More than a headache
Exclusive story by Sophie Anwuli Okolo
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More than a headache
By Sophie Anwuli Okolo
Content notes: mentions of blood, menstruation, diagnosis process
It started with bad headaches, the kind of headaches that stop you in your tracks. I was getting them nearly every day, and sometimes multiple times a day. I chalked the headaches up to stress, complicated grief, and anxiety. I mean, science tells us that our emotional and mental health can have physical manifestations in our bodies. Then, a few months later, I got my period on time, but it never left… for six weeks. I couldn’t wrap my mind around it.
Had my body reached a point of ultimate stress that it couldn’t function properly? Did I have an unknown, underlying condition?
During those weeks, I was focused on the first thought, hoping it would stop very soon. The bleeding was heavy and often painful, and I had never worn so many pads in my life.
Everything came to a head when I was carrying my friend’s nine-month-old infant down the stairs. We had just finished playing in my room and it was time for a change of scenery. I picked her up, grabbed some toys, and proceeded to walk down the long stairway when I suddenly became dizzy and lightheaded. The whole world was spinning. I still can’t explain what happened, but I lost my balance and fell down the stairs with the baby.
All I could think about was the baby — I was praying she wouldn’t get hurt. I held her tightly as I fell, feeling my body hit the stairs several times. I was a bit more than halfway down the stairs when I grabbed a handrail and stopped myself from continuing to fall. My friend ran down the stairs, immediately grabbed the baby, who was thankfully not hurt and just looked surprised, and asked me if I was hurt. I kept apologizing as she tried to comfort me until I burst into tears from the shock of it all, and the pain of the bruises. At this point, I knew something was horribly wrong because I felt like my body was failing me.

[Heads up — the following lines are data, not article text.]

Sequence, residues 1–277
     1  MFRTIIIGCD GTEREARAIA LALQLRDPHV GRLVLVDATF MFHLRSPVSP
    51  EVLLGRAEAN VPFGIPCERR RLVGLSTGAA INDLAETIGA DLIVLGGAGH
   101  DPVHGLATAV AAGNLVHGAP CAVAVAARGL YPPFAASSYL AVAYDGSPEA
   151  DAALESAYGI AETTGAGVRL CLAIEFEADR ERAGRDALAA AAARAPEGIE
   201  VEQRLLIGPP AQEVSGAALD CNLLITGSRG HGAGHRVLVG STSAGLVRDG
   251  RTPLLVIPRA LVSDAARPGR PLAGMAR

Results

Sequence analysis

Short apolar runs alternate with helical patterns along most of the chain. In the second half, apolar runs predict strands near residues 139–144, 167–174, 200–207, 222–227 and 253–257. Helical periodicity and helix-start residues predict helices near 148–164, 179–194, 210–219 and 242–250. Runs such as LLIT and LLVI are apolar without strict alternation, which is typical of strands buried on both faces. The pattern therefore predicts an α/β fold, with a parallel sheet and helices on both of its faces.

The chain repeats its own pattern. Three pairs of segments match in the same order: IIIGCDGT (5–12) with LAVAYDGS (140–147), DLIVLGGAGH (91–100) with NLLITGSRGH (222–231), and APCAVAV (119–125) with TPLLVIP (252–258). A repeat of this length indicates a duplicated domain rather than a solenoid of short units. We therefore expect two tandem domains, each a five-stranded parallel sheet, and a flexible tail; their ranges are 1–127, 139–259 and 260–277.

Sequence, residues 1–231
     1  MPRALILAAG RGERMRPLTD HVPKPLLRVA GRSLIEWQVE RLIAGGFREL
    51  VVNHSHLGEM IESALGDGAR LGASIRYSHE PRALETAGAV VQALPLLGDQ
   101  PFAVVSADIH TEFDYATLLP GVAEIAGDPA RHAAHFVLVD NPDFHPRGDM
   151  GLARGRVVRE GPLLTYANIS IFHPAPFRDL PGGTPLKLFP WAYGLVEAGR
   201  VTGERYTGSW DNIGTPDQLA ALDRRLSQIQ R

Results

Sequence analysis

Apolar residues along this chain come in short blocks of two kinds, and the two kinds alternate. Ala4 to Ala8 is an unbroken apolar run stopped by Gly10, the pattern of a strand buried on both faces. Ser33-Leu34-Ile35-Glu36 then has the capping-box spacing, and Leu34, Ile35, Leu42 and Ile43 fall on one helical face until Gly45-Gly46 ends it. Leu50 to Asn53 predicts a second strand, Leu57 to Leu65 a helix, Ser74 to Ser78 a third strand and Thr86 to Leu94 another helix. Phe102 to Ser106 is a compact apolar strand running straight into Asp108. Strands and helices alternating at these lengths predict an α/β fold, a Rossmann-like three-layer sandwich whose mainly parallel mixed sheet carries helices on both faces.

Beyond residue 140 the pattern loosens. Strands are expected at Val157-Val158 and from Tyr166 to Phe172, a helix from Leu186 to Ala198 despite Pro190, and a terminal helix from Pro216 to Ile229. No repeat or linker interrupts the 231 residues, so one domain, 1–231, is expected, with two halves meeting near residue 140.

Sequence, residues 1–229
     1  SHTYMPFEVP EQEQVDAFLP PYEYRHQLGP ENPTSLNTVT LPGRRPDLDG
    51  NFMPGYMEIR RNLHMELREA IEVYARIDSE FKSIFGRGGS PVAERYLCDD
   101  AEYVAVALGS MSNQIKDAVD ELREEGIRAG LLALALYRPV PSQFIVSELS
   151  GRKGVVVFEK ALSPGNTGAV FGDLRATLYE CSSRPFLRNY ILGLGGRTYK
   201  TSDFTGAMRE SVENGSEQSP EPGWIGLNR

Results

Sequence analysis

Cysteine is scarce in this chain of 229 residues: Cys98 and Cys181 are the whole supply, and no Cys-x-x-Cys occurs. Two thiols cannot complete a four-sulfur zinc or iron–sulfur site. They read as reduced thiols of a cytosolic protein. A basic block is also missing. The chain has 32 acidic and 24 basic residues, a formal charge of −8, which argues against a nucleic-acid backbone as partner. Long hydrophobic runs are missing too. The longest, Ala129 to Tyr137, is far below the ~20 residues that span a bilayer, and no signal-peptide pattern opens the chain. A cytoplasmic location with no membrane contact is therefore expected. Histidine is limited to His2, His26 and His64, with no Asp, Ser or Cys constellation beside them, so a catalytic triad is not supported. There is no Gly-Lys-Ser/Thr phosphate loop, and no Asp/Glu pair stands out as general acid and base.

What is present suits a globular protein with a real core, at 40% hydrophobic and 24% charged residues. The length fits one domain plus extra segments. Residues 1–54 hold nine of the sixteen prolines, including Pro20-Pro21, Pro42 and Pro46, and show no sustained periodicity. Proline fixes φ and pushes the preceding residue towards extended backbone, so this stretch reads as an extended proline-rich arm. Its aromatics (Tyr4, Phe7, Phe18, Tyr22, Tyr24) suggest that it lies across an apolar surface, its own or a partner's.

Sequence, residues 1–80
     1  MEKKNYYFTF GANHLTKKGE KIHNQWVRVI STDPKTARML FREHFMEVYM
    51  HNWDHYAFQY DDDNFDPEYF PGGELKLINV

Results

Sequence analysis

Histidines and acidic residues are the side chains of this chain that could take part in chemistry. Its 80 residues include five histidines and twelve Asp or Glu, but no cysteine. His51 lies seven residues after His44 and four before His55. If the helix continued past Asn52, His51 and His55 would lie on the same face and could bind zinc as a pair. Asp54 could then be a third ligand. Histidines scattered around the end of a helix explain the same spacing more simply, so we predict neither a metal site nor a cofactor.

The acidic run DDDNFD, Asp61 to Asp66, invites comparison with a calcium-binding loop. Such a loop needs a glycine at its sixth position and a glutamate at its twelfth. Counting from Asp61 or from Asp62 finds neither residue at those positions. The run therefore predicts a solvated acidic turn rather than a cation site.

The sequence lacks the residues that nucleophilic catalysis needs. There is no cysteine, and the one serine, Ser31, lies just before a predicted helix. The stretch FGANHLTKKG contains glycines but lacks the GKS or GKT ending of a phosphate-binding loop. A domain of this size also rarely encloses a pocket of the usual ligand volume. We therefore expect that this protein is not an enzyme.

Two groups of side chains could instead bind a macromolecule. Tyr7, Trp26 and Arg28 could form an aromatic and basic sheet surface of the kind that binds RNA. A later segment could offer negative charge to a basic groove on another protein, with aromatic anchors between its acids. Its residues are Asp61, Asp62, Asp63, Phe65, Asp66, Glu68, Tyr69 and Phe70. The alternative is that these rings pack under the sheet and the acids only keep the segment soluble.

The day after I fell, I made an appointment with my healthcare provider. She was very surprised by my symptoms. She asked if I was pregnant, and I said no. She asked if perhaps I was pregnant but wasn’t aware. I said no again and felt slightly annoyed about being asked the same question. She got worried and asked a third time — she said my body was acting as if I had just given birth, especially because I was still bleeding, and diagnosed me with menorrhagia (heavy periods).
I was getting very concerned by all her questions. But I remembered my mom suffered from fibroids, which led to her getting a hysterectomy, so I mentioned it to my doctor. She ordered some blood tests to determine if I had fibroids and wrote me a prescription for ibuprofen to force stop the bleeding in 10 days. My friends who were aware of what was going on, especially a friend who had a hysterectomy, thought I had a reproductive health issue. I thought so too. I felt scared because of my mother’s experience, so I wanted answers from my blood tests as soon as possible.
But the ibuprofen didn’t fully work. There were days when the bleeding stopped and I thought it was over, but it would resume. It was debilitating and frustrating. For the sake of humor, I joked with my friends of faith that I could now understand a bit of the Bible story mentioning the woman who bled for 12 years. The ibuprofen helped reduce my sharp, stabbing headaches, but my symptoms were still unmanageable. I would leave events because of the pain, carrying extra pads so I wouldn’t stain anywhere I sat, but it happened anyway. From a church pew to a friend’s car, my flow was always heavy, and I needed to change my pad every 30 minutes to an hour. It was truly ridiculous.